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NPR

A Portrait Of A Country Awash In 'Red Ink'

Wall Street Journal economics writer David Wessel's new book, Red Ink, lays out in unsparing terms the way the U.S. government spends money, who pays what in taxes, and why politicians can't seem to agree on ways to reduce the potentially catastrophic deficit.
NPR

Writer Has A Down-Home Feel For Atlanta's Dark Side

Growing up near Atlanta, Karin Slaughter learned that tragic crimes can happen to anyone — even children. She says she sets her crime fiction in Atlanta as a way to honor the city's people and turning points, from the election of its first black mayor to the 1996 Olympics.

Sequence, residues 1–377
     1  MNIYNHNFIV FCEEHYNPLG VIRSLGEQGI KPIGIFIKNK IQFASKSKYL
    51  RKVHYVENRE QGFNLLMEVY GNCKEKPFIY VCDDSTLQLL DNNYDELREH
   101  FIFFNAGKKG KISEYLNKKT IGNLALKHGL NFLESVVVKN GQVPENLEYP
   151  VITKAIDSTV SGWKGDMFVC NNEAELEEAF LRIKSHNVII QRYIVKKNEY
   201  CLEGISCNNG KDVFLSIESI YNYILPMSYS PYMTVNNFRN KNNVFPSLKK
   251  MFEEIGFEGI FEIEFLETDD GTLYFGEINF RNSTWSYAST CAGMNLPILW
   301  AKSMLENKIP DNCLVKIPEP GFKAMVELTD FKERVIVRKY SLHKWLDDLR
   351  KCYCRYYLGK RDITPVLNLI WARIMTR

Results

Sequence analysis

NPR

'Sorry Please Thank You': Technically, We're All Alone

Smartphones and tablets just need a flick of a finger to keep us updated about news and friends anytime, anywhere. As much as we're connected, though, we're also detached. That's a big theme in a new book of short stories by author Charles Yu.
NPR

For U.K. Author, Games A 'Smoke And Circuses' Affair

Iain Sinclair wishes London had never won the bid for the 2012 Olympic Games. In his new book, Ghost Milk, the longtime East London resident writes about the toll that the massive and pricey development is taking on locals.
NPR

Before The D-Day Invasion, Double Talk And Deceit

In his new book Double Cross, Ben MacIntyre recounts the story of the huge deception staged by the Allies before D-Day to hide the invasion target from the Germans. MacIntyre speaks to NPR's Scott Simon about the plan and the eccentric characters who carried it out.

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